I was rocked back to reality by a laugh. “Mr. Chris, did you really think I’d let you go that easily? Just a mere flesh wound until we can have some more fun with you.” I felt something warm, some liquid spreading down my legs. Jesus, did I just piss myself? I felt it. It was blood. I had a small hole just above my waist. I looked back up at the Voice with a confused look on my face. The Voice looked back at me with disdain. “Mr. Chris, for an investigative reporter, you’re really bad at figuring at what’s going on. You’ve been shot in the diaphragm. Don’t try to talk: it’ll only speed up your death.” I tried to talk, but recalling his advice, I started making hand gestures. “Don’t worry about breathing. You’ll still be able to- for a while.” That was not what I was trying to get across- my years of not playing charades had finally caught up with me. “Now, I hope you will be able to pay attention this time. It’s so rude for you not to listen.” I gave him the finger. He fired another round. My life flashed before my eyes again.

This time, it was from when I was an adult. It was a memorable occasion- I’d just gotten out of college, after all, which I’d gotten from the post war boom brought on by the Party’s ending of the War. It was a droll summer day and the announcer was droning like so many bees. The traditional calling of names was being drowned out by my parents discussing the latest actions of the party: “Honey, they had to kick the UN out. They were complaining about our usage of ‘banned’ weapons to end the war. China’s not lodging any complaints, are they?” This remark brought a few snickers from those around us. My mom was indignant, as usual. “They can’t just kick the UN out. They did own that building, and they do have the right to lodge complaints based upon the treaties we signed with them. Even if the building was in one of our cities.” My father shook his head, as usual. “Honey, we broke those treaties according to them by using banned weapons. You can’t have it both ways.” She sighed and decided to give up. “I suppose so...”

I was brought back to reality by someone slapping my face hard. It was one of The Voice’s henchmen. “Ah, you’re back, Mr. Chris. Care to guess where I shot you this time?” I tried to give him the finger. I was missing my middle finger. And I was moving down a hallway. I must have given a look of surprise on my face, or else The Voice was capable of guessing what I was thinking. “Sorry, Chris, but I’ve already got enough of your blood and sweat in my office. I don’t want to get any more on me or on anything I own. No, we’re taking you to a special place for people who try to resist the Party. Really, a tour of the place before we take you out back and shot you. Any questions? No? Okay, let’s begin. This is the top floor of the Party building, which contains many offices of our higher level officials...” I started to drift off and slip back into the past.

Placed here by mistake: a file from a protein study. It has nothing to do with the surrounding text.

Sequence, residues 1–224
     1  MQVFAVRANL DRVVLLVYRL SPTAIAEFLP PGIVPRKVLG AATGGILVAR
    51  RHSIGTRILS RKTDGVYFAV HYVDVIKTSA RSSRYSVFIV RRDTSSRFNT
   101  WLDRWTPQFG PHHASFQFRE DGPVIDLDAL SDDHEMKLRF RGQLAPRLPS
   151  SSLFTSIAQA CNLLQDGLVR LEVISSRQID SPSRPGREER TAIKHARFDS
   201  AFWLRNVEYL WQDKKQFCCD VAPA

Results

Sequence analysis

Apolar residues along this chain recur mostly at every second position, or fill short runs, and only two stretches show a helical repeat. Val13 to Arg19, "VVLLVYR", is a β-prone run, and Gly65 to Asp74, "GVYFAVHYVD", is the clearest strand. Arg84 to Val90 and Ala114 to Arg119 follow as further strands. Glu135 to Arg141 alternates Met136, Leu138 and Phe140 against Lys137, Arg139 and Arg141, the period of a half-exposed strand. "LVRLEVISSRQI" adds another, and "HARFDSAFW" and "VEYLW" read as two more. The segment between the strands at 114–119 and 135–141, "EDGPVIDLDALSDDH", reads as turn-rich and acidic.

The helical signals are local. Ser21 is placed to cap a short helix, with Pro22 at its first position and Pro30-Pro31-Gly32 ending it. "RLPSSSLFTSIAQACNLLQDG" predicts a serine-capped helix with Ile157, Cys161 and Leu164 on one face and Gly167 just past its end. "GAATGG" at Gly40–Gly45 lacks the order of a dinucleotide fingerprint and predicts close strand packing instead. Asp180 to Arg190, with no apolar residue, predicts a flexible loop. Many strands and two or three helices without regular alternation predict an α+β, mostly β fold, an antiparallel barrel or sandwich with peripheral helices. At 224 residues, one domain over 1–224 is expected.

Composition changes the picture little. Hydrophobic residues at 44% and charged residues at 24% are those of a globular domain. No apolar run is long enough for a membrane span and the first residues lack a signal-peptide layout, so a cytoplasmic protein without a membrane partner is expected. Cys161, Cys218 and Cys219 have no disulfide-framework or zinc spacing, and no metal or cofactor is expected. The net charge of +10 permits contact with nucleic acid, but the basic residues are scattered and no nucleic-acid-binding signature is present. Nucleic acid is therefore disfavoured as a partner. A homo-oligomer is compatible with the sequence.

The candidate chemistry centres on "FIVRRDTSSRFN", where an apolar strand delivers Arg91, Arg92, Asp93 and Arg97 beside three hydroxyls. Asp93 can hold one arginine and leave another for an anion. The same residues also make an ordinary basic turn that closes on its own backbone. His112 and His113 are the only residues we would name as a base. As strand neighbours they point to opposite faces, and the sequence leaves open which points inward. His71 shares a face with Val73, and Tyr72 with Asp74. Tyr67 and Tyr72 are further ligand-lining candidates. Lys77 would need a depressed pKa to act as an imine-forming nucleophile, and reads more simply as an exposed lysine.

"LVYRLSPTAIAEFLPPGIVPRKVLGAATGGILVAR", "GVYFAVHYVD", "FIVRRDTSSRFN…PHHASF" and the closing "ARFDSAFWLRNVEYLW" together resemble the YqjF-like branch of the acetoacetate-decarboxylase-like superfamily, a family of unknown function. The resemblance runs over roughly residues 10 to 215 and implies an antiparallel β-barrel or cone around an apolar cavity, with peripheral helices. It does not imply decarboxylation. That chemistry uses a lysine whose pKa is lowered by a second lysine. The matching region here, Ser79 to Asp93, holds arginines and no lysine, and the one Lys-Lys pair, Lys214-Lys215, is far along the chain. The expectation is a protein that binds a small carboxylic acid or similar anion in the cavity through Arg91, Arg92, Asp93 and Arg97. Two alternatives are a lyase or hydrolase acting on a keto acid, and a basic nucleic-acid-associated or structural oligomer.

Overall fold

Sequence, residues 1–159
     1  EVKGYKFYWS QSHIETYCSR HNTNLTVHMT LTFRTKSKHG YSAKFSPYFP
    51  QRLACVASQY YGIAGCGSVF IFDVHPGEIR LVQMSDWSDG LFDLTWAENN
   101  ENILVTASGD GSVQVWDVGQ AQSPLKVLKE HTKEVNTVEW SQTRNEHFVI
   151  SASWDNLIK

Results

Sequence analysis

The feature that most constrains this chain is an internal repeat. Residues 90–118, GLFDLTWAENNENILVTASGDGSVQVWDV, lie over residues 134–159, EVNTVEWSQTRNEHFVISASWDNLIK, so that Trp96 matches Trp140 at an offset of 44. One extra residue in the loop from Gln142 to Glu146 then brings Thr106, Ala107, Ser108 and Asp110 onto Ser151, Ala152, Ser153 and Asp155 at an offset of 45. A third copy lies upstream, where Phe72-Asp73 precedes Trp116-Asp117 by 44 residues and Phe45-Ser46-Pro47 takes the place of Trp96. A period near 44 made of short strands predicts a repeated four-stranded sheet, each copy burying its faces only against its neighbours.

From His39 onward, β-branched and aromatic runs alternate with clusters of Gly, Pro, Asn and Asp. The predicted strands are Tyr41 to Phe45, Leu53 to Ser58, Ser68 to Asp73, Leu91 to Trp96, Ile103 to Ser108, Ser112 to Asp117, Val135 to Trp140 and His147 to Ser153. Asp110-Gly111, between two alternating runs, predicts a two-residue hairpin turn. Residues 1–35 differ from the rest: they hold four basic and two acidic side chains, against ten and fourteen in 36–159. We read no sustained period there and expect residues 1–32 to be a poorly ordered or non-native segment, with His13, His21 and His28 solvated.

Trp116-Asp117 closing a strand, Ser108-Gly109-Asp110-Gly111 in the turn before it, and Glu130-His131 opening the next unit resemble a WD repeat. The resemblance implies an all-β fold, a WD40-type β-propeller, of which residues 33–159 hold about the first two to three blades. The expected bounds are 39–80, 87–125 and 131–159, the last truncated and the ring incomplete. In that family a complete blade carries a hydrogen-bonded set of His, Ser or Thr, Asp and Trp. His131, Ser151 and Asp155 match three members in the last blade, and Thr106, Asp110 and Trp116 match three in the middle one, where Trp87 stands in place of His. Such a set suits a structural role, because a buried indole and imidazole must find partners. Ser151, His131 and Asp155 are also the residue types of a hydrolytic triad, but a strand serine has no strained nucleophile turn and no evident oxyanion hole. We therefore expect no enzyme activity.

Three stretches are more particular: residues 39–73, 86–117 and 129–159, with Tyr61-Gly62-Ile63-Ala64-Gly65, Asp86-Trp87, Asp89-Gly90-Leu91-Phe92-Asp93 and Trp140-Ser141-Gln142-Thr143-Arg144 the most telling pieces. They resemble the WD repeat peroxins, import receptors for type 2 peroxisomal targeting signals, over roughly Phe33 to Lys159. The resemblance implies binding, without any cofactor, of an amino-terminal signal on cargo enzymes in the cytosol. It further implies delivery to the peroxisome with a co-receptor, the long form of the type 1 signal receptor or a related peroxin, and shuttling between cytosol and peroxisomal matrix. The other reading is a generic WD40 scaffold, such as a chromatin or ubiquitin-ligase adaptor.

Out of college, at my first job as a journalist. It was a dreary workplace- typical of the post-war economic boom. Battleship grays, clinical whites, and this curiously colored carpet that has so far escaped description by even the best artists. It was all very revolting, in retrospect. But we were young and we were high on success- we were investigative journalists tearing apart the last vestiges of the non-Party world, toppling the once mighty figures of our old political machines, digging for dirt in every legal way, and a few other ways. A lot of it was illegal, yes, but no one outside our building knew about it and as long as we were bringing down the hated old political regime I don’t think anyone would’ve complained had they known. My boss had just handed me an assignment- he’d called it the biggest moment of this newspaper and my career. I opened the folder. My jaw dropped. It was the last pre-Party president. He was untouchable, even by our standards. Even the Party had some respect for him as he was elected to a reform platform not so different from theirs. Hell, he was part of the inspiration for the Party’s political platform. I stuttered for a minute. “What have we got on him? He’s... well, you know who he is!” My boss shrugged his shoulders. “Something about being crazy and having a mistress and all that. I don’t know- it’s your job to know. I just hand these things out and make sure you get these things on time. Which, by the way, is very soon, so get on it! This assignment is to take top priority- I’ll make sure your current assignments are handled, and you’ll split this assignment. You take the crazy part, and Sheila will take the mistress part. Deal?” I shook my head yes. There were no words to describe this- if I could pull this off, I’d be the biggest investigative journalist of this century. Hell, even bigger than that- not a lot of journalists have taken down a president. So I took the job and went off to meet the psychiatrists listed in the dossier.